The intensity coat color gene variant causes an extreme dilution of phaeomelanin (red or yellow pigment), resulting in a cream to white coat in dogs.
Phenotype: Red and yellow pigment is diluted to cream or white hair. Black and brown pigment, if present, will remain undiluted.
Mode of Inheritance: Autosomal Recessive
Alleles:N = normal, In = intensity allele, dilution of phaeomelanin
Breeds appropriate for testing: Afghan Hound, French Bulldog, German Shepherd Dog, Leonberger, Puli, Saluki, Scottish Terrier. This variant may be present in other breeds with the extreme dilution phenotype.
Explanation of Results:
Dogs with the N/N genotype are not likely to show the extreme dilution phenotype and cannot transmit the intensity dilution variant to their offspring.
Dogs with the N/In genotype are carriers and likely will not show extreme dilution of phaeomelanin. They are predicted to transmit the variant to 50% of their offspring, and 25% of pups produced by mating of two carriers are predicted to have the extreme dilution phenotype caused by the intensity allele.
Dogs with the In/In genotype have two Intensity dilution variants and will likely show dilution of phaeomelanin resulting in a cream to white phenotype. They will transmit the variant to all of their offspring.
$45 one test per animal
$65 two tests for coat color/fur type/bobtail (same animal)
$85 three tests for coat color/fur type/bobtail (same animal)
+ $15 each additional test if ordering more than three coat color/fur type/bobtail tests on the same animal
Mammals produce two kinds of pigment: eumelanin (black and/or brown in color) and phaeomelanin (red and/or yellow in color). Many genes contribute to the type and amount of pigment produced. Several breeds of dogs have an extreme dilution phenotype that has been shown to only affect the red pigment phaeomelanin. Hédan et al (2019) identified a single nucleotide change (c.151C>T predicted) in the first exon of the Major Facilitator Superfamily Domain Containing 12 gene (MFSD12) associated with the dilution phenotype. This change in the DNA results in an amino acid difference in the protein where cysteine replaces the normal arginine at amino acid 51 (p.Arg51Cys). This mutation is predicted to have damaging effect on protein function. MFSD12 is a gene identified to have a conserved role in vertebrate pigmentation with variants identified to impact pigmentation in zebrafish, human, mouse, and horse. MFSD12 is believed to function as a lysosomal transmembrane solute transporter directly affecting the production of phaeomleanin. In humans and horses decreased and/or non-functional MFSD12 has been implicated in reducing red/yellow pigment while increasing black/brown pigment. In dogs, the MFSD12 In variant has only been shown to decrease red/yellow pigment leaving black/brown pigment unaffected.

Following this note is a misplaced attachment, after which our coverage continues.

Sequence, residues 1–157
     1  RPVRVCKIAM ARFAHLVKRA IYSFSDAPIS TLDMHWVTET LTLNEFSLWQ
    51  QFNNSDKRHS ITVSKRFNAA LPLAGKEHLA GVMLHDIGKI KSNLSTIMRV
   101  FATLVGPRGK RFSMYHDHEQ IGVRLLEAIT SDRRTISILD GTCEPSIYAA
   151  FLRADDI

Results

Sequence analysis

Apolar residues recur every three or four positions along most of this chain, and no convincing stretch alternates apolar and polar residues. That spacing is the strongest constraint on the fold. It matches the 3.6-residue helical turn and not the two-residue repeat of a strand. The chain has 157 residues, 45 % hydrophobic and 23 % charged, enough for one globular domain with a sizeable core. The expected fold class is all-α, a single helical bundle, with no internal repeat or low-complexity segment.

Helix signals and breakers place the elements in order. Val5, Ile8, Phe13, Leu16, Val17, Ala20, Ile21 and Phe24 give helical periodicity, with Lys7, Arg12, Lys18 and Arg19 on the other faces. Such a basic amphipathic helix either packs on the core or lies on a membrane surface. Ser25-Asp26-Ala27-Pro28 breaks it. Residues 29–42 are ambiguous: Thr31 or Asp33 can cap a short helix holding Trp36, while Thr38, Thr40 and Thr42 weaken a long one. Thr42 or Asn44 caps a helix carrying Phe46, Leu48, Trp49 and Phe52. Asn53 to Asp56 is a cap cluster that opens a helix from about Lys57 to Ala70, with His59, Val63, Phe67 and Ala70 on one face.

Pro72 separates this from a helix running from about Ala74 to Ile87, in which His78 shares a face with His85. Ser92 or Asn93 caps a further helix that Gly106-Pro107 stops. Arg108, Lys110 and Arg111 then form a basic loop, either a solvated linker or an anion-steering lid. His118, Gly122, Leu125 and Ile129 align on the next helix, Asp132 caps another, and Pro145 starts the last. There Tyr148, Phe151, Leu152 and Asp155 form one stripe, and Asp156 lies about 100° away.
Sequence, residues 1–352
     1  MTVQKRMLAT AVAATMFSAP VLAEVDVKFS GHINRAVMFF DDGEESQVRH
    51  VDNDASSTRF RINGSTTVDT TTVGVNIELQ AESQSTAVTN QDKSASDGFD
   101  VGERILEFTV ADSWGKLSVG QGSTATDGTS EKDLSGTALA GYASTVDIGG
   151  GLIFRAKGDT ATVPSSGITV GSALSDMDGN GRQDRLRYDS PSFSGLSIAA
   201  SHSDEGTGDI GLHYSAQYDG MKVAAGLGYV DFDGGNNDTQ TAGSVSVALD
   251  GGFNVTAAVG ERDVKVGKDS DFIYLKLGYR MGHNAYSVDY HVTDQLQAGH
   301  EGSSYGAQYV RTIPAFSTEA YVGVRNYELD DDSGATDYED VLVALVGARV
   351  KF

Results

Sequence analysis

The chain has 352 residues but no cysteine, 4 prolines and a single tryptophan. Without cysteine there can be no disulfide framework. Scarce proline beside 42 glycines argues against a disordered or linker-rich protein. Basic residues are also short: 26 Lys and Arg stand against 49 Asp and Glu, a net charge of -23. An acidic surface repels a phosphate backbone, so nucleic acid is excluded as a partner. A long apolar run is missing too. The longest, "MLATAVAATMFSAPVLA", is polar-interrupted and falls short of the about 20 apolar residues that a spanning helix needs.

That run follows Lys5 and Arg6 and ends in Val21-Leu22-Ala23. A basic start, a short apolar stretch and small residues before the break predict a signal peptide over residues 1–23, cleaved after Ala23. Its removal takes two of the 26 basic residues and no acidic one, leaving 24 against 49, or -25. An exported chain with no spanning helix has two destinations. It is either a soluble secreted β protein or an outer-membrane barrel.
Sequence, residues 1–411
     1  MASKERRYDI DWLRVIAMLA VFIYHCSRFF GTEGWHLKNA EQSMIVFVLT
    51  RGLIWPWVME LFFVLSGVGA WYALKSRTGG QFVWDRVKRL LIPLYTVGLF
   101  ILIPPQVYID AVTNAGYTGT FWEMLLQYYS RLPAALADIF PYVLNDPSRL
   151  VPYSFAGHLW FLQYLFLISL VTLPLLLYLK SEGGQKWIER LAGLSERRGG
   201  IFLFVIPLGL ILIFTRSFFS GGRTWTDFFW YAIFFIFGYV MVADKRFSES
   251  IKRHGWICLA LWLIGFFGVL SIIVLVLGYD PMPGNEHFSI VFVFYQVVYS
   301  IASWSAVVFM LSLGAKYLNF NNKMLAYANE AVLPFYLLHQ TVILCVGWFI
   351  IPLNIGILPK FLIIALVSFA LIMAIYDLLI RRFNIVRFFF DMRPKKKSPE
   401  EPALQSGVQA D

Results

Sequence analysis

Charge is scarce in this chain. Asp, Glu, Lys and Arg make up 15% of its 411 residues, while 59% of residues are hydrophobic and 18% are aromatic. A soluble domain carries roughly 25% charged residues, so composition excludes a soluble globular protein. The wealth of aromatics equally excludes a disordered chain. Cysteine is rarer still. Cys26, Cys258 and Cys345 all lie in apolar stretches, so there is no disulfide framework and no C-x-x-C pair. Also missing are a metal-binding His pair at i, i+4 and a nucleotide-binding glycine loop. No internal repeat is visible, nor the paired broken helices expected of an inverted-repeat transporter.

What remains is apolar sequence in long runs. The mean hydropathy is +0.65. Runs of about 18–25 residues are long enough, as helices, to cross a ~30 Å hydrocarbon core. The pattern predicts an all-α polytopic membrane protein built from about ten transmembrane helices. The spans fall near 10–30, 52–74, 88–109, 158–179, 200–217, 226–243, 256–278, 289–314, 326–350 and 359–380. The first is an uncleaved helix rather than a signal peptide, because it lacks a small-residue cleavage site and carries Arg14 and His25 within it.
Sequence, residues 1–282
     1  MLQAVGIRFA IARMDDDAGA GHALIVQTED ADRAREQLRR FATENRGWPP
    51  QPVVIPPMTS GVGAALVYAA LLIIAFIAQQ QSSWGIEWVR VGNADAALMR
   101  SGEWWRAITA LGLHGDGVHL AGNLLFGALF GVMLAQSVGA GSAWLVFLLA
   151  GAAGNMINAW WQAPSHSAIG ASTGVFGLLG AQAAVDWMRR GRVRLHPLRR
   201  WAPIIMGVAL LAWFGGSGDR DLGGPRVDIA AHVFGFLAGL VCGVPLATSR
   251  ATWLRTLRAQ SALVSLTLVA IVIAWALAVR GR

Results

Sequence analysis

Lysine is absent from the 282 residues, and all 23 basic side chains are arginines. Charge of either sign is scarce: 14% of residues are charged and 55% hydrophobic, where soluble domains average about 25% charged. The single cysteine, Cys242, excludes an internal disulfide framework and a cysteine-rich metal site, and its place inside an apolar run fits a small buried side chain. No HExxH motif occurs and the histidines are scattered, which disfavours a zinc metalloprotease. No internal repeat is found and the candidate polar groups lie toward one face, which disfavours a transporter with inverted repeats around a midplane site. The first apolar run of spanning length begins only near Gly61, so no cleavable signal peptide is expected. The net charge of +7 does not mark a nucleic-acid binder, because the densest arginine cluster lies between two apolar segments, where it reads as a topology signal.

The degree of dilution varies within and between breeds with coat color ranging from cream to solid white. Population studies demonstrate that 10% of dogs homozygous for the In allele do not show the extreme dilution phenotype and 10% of extreme dilution phenotype dogs do not have two copies of the In allele. Additionally, roughly 2% of dogs with 0 or 1 copies of the In variant have the extreme dilution phenotype, and the extreme dilution variant does not appear to affect breeds fixed for phaeomelanin such as Irish Setters. Taken together, these results suggest the phenotype may be impacted by variants at additional genes. These additional genes are currently unknown.
Note: Because studies indicate additional unknown genes influence the effects of this mutation, it is possible that the phenotype (physical appearance) of the dog may not be predictable by the genetic results. In other words, the polygenic nature of pigmentation makes it possible for discordant phenotypic and genotypic results.
No copies of intensity dilution. Dog is unlikely to exhibit the intensity dilution phenotype.
Carrier of intensity dilution. Dog is unlikely to exhibit the intensity dilution phenotype.
2 copies of intensity dilution. Red pigment is likely to be diluted to cream or white.
Hédan, B., Cadieu, E., Botherel, N., Dufaure de Citres, C., Letko, A., Rimbault, M., Drögemüller, C., Jagannathan, V., Derrien, T., Schmutz, S., Leeb T., André, C. (2019). Identification of a Missense Variant in MFSD12 Involved in Dilution of Phaeomelanin Leading to White or Cream Coat Color in Dogs. Genes, 10(5): 386. doi: 10.3390/genes10050386